I have decided that being a parent is really like folding a fitted sheet, no one really knows how. The latest endeavor that Josh and I are facing is our oldest daughter starting Driver’s Ed. If only teaching her to drive was as easy as handing her a crayon as a toddler and telling her to just stay in the lines.
I used to worry a lot when she was little. As I think about her jumping behind the wheel and taking off down the road, I would give anything for my worries to go back to consisting of how long she has napped or how actually clean her Sippy cup was.
As most parents know, life with a teenager is a constant struggle of wanting our children to stay our babies forever and being excited for all of the amazing things their future lives have in store for them.
I wish that our precious girl could only see what a sweet moment of bonding our driving time together could be. It should be a peaceful time where I tell her exactly what to do and she does it.
There is no need for the radio to be on. All her darling little ears need is the sound of my direction, and all my ears need is the sound of her repeatedly thanking me for all of my knowledge.
The best guidance would probably come from having both Josh and I giving her instruction. She could benefit from having one of us on each side of her, gently pointing out the appropriate steps to life behind the wheel.
You may be wondering how I intend for one of us to be on each side of her? Her dad can give his advice from the passenger seat and since she needs to understand that there is no need to drive fast, I will walk alongside the car and give my recommendations through the driver’s window.
On second thought, that is ABSURD! I will sit and my husband will walk alongside the car.
Apparently even if you think you’re being calm, your teen may not see it that way. I read about a survey asking teens what parents could do better, they said, “Tell them not to yell at us.” Robert Foss, at the Center of the Study of Young Drivers at the University of North Carolina at Chapel Hill, cited a study that used in-vehicle video cameras to capture parent-teen interactions.
Some teens later described their parents as yelling at them even when they hadn’t raised their voices. This sounded eerily familiar to me.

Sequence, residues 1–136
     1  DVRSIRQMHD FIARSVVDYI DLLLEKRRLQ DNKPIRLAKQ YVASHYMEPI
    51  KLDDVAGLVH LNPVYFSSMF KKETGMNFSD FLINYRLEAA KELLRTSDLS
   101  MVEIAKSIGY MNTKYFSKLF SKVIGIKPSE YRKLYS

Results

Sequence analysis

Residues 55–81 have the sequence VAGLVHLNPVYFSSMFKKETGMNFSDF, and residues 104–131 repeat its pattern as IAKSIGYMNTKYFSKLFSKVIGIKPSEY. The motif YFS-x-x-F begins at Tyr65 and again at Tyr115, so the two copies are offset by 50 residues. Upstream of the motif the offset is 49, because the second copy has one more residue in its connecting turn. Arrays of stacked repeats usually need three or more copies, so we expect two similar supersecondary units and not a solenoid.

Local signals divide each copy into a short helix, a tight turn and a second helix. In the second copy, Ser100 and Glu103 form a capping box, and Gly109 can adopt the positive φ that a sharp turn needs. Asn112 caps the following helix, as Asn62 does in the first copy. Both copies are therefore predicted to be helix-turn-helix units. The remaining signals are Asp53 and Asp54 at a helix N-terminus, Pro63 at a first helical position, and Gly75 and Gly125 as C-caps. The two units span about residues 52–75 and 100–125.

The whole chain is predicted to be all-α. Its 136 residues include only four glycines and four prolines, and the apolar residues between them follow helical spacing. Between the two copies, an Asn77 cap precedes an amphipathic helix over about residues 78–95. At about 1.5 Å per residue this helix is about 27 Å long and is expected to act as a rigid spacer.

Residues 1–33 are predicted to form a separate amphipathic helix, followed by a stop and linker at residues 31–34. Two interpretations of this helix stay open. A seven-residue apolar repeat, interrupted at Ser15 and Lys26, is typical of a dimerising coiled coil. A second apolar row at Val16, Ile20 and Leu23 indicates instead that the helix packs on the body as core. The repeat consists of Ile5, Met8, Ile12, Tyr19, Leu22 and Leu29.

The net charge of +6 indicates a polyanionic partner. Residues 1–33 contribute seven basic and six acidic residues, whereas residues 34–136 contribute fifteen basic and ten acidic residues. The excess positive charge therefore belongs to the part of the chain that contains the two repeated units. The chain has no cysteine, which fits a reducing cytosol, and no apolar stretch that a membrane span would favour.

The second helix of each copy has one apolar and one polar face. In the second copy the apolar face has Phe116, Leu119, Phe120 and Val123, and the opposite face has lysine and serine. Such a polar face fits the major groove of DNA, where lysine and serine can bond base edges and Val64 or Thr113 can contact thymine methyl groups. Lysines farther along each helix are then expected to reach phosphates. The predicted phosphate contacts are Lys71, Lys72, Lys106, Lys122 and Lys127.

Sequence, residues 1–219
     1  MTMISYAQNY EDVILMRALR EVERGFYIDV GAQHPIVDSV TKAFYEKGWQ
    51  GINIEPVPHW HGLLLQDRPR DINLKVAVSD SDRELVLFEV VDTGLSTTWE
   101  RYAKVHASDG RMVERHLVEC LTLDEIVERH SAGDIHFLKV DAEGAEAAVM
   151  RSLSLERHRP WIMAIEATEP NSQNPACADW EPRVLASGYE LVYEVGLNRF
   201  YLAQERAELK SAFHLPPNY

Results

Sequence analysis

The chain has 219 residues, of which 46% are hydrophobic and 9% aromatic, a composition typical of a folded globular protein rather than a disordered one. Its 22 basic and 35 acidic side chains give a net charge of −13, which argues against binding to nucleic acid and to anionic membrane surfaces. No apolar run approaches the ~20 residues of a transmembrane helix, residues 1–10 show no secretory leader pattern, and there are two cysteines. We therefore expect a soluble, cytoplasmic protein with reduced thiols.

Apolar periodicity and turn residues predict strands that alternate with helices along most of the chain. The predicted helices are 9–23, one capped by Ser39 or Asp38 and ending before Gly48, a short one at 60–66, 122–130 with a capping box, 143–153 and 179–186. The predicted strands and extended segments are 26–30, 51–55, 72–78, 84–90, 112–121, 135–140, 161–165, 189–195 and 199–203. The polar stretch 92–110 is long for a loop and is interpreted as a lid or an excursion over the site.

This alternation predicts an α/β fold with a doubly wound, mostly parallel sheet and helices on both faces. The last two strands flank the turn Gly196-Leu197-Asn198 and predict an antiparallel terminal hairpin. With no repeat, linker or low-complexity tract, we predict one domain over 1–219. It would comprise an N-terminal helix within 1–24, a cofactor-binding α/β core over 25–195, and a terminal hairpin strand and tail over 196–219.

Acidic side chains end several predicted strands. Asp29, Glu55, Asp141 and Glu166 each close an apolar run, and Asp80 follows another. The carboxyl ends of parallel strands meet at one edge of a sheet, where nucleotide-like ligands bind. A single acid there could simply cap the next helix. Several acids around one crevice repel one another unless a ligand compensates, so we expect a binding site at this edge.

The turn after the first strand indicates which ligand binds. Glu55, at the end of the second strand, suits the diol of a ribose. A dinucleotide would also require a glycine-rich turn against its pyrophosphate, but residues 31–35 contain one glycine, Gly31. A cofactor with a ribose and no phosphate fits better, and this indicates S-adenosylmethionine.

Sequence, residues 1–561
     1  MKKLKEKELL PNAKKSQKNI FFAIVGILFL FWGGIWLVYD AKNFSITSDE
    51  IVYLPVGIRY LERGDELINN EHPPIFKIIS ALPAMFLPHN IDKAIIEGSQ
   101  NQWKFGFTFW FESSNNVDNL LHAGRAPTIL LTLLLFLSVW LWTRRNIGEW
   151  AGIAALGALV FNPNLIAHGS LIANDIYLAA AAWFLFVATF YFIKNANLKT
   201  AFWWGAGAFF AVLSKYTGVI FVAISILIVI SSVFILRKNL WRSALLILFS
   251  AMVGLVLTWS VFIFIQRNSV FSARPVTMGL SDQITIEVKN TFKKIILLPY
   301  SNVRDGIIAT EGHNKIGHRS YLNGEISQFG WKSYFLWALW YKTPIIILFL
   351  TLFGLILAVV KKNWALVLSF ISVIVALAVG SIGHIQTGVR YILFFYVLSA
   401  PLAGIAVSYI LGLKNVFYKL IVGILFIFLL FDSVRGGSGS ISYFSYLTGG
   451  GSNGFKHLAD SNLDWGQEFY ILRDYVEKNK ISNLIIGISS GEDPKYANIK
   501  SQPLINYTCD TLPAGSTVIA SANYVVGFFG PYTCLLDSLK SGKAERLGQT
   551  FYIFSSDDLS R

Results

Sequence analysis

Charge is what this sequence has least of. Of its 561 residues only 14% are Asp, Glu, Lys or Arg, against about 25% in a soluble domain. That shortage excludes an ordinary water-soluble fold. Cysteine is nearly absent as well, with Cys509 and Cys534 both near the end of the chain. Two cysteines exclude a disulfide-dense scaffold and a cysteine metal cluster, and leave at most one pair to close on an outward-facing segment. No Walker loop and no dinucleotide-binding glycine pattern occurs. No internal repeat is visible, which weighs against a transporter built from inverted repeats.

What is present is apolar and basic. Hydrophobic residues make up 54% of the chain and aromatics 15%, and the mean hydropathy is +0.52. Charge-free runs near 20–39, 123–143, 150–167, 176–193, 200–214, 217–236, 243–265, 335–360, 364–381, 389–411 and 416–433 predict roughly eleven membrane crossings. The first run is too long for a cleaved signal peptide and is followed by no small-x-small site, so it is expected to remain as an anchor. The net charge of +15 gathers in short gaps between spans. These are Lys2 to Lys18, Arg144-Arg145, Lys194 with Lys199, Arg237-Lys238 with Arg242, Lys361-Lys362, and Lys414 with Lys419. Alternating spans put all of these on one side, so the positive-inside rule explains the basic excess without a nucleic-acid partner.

I wish she could have an open mind. She doesn’t need to get so offended by the fact that I want to wrap her (and myself) in bubble wrap. She should look at it as a fashion statement. I know that if I even try to tell her that air bubbles are all the rage right now, I will get “the look.”
This is a look often given by the teenage species. I have given the stare the scientific name of offendembarrassanger. It is the glare given by children ranging in age from 13-19 when their parents so very intentionally offend, embarrass and anger them all at the same time. I am not sure why she gives me the look so often. When I was a teenager, my parents deserved the look. But I like to think of myself as a hip, happening and trendy mom and I do not think it can be justified that she flashes that perturbed glance at me as often as she does.
In all honesty, it will actually be nice to have some assistance with carting around the other kids to their various activities. I do not want her to feel nervous about driving. I hope she remains calm, confident and cautious. Because we love her, we will continue to do everything we can to make sure she is really ready to drive. We are going to keep coaching her until the day the DMV has decided it is finally time for her to receive her license and she is allowed to drive alone. In fact, we will continue to offer our guidance beyond that as well, after all we are her parents and if we didn’t nag she would think there was something wrong.
I enjoy sharing my thoughts with you and look forward to readers sharing their thoughts in return.
Feel free to email me at firstname.lastname@example.org, write me at P.O. Box 424, Amery WI. 54001 or I can be reached by phone at 715-268-8101.